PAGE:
Miriam E. Tucker

June 06, 2014

To get the most out of the American Diabetes Association (ADA) 2014 Scientific Sessions, attendees will need to stay from the beginning to the very end.

Next week's ADA meeting in San Francisco runs from the afternoon of Friday, June 12, through Tuesday morning, June 17.

Tuesday morning will feature the ADA president's oral session, a collection of the top research abstracts of the meeting ― 6 submitted through the regular schedule and 2 late-breakers ― on a range of important diabetes-related topics.

They include a large study that may call into question whether LDL cholesterol is a marker for cardiovascular disease in type 1 diabetes, the latest look from Canadian researchers at the role of neighborhood "walkability" in the development of type 2 diabetes, and an assessment of the impact of depression on mortality in type 1 diabetes.

"These abstracts, I think, will really knock your socks off," ADA chief scientific and medical officer Robert Ratner, MD, told Medscape Medical News.

And David A. D'Alessio, MD, chair of the 2014 Scientific Sessions Meeting Planning Committee, said that the president's abstract session is intended to be eclectic and to reflect the meeting as a whole.

"The idea was to emphasize the breadth of the meeting, which I really think is the essence. Usually when you build a symposium, you want it to be thematic and focused. In this case, we wanted it to be almost more of a celebration of the meeting....I really hope it attracts people to hang on and stay for that last morning," Dr. D'Alessio, professor of medicine and chief of the division of endocrinology, metabolism, and nutrition at Duke University Medical Center, Durham, North Carolina, told Medscape Medical News.

Attendees who stay through Tuesday morning can also look forward to another hot-button session: a pro/con debate about the appropriateness of the new American College of Cardiology/American Heart Association lipid guidelines for people with diabetes.

That debate is 1 of 6 current-issues sessions on controversial topics that will be held throughout the meeting. Others will address whether exercise is beneficial without weight loss, whether improving HbA1c levels reduces cardiovascular risk, whether screening for subclinical cardiovascular disease is necessary for people with diabetes, and whether lower or higher blood-pressure targets are appropriate for patients with diabetic kidney disease.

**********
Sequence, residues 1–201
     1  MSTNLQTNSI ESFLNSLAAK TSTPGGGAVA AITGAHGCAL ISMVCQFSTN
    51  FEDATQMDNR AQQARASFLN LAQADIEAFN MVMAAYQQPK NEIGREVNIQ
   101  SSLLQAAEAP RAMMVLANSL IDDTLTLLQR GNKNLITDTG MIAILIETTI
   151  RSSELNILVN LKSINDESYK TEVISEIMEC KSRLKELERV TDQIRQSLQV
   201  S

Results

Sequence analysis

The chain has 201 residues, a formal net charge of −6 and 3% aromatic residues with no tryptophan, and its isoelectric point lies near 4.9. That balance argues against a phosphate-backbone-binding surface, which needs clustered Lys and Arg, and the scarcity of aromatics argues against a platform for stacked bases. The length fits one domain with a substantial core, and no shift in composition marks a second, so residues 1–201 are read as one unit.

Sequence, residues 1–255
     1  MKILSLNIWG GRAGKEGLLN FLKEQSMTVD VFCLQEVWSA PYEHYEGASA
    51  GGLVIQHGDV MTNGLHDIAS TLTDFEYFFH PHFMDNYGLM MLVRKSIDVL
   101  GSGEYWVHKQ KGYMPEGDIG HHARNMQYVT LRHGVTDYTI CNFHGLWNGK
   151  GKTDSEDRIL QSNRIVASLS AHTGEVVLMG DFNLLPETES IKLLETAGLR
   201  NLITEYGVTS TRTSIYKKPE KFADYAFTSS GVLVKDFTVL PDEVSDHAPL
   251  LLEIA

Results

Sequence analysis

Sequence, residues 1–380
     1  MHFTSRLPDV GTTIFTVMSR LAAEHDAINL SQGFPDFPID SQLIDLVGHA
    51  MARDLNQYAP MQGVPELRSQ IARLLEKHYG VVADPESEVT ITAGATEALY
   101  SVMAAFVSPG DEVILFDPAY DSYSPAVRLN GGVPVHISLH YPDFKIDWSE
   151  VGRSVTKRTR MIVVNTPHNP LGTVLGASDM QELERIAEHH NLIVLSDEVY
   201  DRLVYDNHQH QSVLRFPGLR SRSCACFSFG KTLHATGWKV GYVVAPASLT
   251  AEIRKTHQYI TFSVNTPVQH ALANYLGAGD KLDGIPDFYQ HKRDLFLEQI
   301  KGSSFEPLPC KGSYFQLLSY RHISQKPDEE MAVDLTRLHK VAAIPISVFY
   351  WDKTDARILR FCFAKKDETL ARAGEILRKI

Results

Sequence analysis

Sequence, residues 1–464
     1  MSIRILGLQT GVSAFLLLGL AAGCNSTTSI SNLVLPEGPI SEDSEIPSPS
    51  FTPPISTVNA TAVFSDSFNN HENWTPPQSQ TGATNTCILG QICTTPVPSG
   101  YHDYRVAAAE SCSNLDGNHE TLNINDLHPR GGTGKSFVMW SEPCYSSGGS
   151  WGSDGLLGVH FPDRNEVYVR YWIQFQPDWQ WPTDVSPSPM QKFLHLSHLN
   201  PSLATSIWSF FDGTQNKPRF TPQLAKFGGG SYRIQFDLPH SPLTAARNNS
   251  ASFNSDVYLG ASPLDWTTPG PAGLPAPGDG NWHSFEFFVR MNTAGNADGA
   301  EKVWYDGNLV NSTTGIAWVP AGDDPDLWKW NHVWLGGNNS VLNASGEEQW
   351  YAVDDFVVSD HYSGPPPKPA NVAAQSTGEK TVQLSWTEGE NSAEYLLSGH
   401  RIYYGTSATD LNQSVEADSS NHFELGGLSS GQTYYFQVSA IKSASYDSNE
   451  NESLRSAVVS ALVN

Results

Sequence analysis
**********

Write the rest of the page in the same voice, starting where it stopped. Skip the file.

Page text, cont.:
"These debates are going to give the clinician the opportunity to look at the pro and con sides of all of these issues," Dr. Ratner said.

The sixth "current-issue" session, a panel discussion rather than a debate, will address the implications of the Affordable Care Act for people with diabetes.

Type 1 Diabetes Focus

Among the overarching themes of the meeting is a focus on the unique challenges presented by the rising incidence of type 1 diabetes.

Topics covered in type 1 diabetes–related symposia will include pathways to drug and device development, the changing presentations of this form of diabetes, functional genomics, closed-loop insulin delivery, and the adequacy of current glucose, blood-pressure, and lipid guidelines for patients with type 1 diabetes. These sessions are supported by grants from the Leona M. and Harry B. Helmsley Charitable Trust.

In addition, the ADA is expected to issue a new type 1 diabetes position statement on Monday.

"Type 2 gets a lot of the attention, but in the background, type 1 has been percolating along, the incidence has been going up, and the clinical picture changes a lot....The changing face of autoimmune diabetes is a problem we haven't grappled with. It's confusing but important," Dr. D'Alessio explained.

Breadth of the Meeting: Obesity Will Feature Significantly Too

No surprise, there will also be a lot of new information on obesity, including a focus on new theories about the role of the brain, the gut, and the maternal environment in the development of obesity, along with clinical and public-health aspects of the disease.

The Banting Award lecture, to be delivered by Daniel J. Drucker, MD, from the University of Toronto, Ontario, will be entitled "Deciphering Metabolic Messages From the Gut Drives Therapeutic Innovation."

And among the largest trials to be presented at the meeting, one of the Tuesday morning talks will look at genetic variation, dietary intake, and adiposity in more than 16,000 children and adolescents.

Dr. Ratner said: "Obesity is getting covered from a number of different areas. It really goes to the multifactorial nature of obesity. It's really simplistic to say that it's calories in vs calories out, because so many other things play a critically important role. When you start looking at genetics and epigenetics, you realize it's time to stop blaming the person."

Although there will be no major trial results announced this year, there will be follow-up data from studies for which pivotal data have been previously reported. Among these are a 15-year update from the landmark Diabetes Prevention Program and the latest data from the SEARCH for Diabetes in Youth study.

Dr. Ratner told Medscape Medical News, "There are no blockbuster trials, but there is really a lot of exceptionally good science." Indeed, Dr. D'Alessio said, "the ADA meeting is the clearinghouse for all the cutting-edge stuff in diabetes."

Dr. Ratner is an ADA employee and has no additional relevant financial relationships. Dr. D'Alessio consults for Eli Lilly, Novo Nordisk, Merck, Roche, and Janssen.


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